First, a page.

Enter Java

The Java coding language, developed at Oracle under the guidance of Net luminaries James Gosling and Bill Joy, is designed to be a machine-independent coding language that is both safe enough to traverse networks and powerful enough to replace native executable code. Java addresses the issues raised here and helps us start building the kinds of apps we want. Initially, most of the enthusiasm for Java centered on its capabilities for building embedded apps for the Web called applets. But in the early days, applets and other client-side GUI apps written in Java were limited. Today, Java has Swing, one of the most sophisticated toolkits for building graphical user interfaces (GUIs) in any language. This development has allowed Java to become a popular platform for developing traditional client-side app software. Of even more importance in the past few years, Java has become the premier platform for web-based apps and web services. These apps use technologies including the Java Servlet API, Enterprise JavaBeans?, and many popular open source and commercial Java app servers and frameworks. Java's portability and speed make it the platform of choice for modern business apps. This tutorial will show you how to use Java to accomplish all of these real-world coding tasks. In the coming chapters we'll cover everything from text processing to networking, building rich client-side GUI apps with Swing and lightweight web-based apps with XML.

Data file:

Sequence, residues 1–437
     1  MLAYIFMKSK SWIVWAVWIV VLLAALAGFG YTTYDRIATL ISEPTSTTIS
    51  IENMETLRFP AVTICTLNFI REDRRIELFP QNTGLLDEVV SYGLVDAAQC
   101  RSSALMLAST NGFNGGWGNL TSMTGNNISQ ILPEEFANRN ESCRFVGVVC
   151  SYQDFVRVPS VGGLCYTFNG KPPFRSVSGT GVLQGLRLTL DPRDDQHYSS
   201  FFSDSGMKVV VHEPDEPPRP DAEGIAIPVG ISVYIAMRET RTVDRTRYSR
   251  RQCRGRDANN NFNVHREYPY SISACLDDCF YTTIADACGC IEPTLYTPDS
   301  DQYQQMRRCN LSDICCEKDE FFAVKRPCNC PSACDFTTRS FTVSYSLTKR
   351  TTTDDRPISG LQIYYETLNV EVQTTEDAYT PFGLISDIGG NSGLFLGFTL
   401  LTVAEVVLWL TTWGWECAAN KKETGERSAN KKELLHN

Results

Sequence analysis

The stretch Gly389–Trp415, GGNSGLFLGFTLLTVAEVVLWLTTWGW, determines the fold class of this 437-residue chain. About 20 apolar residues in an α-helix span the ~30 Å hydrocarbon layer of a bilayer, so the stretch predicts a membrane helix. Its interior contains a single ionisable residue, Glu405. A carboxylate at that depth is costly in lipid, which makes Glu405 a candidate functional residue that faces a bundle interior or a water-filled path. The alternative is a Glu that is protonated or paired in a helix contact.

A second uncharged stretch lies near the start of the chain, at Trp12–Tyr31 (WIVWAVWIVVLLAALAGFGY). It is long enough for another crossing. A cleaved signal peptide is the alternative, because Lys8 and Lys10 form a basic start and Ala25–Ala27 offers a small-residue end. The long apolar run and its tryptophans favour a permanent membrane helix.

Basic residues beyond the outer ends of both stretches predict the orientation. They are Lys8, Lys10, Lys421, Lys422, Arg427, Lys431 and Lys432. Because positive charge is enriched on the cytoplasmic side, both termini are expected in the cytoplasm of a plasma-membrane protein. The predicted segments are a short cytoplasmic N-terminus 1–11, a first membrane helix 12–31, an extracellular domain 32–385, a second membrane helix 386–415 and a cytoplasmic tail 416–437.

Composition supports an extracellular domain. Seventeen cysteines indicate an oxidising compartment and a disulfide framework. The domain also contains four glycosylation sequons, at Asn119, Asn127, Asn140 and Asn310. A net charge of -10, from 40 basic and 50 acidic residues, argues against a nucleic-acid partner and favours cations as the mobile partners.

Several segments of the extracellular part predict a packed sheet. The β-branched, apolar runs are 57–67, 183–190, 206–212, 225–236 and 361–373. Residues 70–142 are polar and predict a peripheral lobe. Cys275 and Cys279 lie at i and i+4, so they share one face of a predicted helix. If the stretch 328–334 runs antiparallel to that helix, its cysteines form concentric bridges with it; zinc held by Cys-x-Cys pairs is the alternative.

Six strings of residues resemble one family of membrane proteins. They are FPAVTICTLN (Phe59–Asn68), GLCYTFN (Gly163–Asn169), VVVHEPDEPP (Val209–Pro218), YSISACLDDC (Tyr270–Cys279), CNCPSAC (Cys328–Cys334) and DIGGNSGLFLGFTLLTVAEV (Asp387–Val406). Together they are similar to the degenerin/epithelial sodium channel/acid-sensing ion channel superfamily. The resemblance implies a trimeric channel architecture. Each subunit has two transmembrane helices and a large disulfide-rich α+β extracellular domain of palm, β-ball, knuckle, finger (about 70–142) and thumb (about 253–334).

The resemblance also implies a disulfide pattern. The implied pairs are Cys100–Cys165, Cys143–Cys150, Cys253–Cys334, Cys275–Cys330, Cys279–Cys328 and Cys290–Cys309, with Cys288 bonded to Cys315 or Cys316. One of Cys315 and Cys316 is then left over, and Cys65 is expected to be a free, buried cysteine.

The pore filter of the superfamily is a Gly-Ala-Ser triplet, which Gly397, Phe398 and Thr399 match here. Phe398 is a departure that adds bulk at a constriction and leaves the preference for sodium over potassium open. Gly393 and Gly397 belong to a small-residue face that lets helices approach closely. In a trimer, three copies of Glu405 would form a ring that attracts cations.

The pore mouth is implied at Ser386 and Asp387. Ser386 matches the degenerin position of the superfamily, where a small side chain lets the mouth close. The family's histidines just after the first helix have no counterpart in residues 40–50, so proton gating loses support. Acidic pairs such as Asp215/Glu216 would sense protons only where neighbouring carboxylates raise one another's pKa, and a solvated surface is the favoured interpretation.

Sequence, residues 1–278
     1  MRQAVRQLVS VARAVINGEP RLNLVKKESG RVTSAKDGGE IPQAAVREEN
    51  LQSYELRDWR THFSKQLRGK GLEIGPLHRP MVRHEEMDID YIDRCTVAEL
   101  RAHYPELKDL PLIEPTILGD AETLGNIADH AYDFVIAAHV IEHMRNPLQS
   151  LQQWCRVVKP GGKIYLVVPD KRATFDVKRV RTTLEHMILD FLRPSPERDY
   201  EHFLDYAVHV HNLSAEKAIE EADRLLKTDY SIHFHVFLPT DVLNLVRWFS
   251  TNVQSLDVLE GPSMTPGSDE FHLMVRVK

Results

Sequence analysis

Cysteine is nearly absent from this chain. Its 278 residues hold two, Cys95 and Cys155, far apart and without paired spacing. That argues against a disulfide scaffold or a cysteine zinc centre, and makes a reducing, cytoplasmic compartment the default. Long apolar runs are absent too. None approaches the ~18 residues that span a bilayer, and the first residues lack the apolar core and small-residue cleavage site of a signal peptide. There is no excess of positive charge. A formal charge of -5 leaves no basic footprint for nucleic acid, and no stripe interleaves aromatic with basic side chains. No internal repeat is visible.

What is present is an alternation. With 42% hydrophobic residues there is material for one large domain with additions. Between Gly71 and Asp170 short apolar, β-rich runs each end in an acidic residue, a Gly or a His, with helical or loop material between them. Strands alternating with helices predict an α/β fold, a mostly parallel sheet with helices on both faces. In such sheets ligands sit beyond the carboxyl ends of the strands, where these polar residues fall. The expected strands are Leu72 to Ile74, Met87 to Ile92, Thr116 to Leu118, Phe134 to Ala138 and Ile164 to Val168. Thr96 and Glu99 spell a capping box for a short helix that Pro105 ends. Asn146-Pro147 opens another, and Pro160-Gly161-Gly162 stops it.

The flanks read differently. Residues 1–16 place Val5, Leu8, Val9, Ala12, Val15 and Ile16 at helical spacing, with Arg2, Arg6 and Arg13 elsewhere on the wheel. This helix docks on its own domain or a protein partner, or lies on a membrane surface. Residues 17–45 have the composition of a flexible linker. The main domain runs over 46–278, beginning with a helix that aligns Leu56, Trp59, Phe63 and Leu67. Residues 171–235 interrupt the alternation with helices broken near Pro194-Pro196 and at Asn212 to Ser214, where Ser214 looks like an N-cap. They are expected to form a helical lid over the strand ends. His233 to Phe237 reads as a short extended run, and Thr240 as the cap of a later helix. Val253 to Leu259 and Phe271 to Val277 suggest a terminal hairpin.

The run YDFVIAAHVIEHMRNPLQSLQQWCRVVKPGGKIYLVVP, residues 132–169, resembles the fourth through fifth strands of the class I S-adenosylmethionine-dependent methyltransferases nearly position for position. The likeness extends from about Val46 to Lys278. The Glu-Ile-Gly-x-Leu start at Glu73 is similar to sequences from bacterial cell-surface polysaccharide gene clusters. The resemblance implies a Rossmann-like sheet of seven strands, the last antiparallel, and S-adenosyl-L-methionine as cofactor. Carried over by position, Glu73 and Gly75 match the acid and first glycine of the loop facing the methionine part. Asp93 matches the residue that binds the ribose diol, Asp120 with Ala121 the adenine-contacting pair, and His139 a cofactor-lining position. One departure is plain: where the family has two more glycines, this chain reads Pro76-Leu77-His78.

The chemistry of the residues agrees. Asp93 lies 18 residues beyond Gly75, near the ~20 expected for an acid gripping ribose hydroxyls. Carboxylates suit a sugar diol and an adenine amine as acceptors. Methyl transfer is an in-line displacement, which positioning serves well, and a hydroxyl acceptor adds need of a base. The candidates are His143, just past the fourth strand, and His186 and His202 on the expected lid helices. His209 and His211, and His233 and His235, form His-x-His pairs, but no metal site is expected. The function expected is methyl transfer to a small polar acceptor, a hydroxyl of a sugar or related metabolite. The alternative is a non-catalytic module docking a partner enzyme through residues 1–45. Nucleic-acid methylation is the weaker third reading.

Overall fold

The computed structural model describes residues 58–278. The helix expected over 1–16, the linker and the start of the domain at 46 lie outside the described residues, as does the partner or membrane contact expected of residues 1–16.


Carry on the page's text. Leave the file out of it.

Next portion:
Java's Origins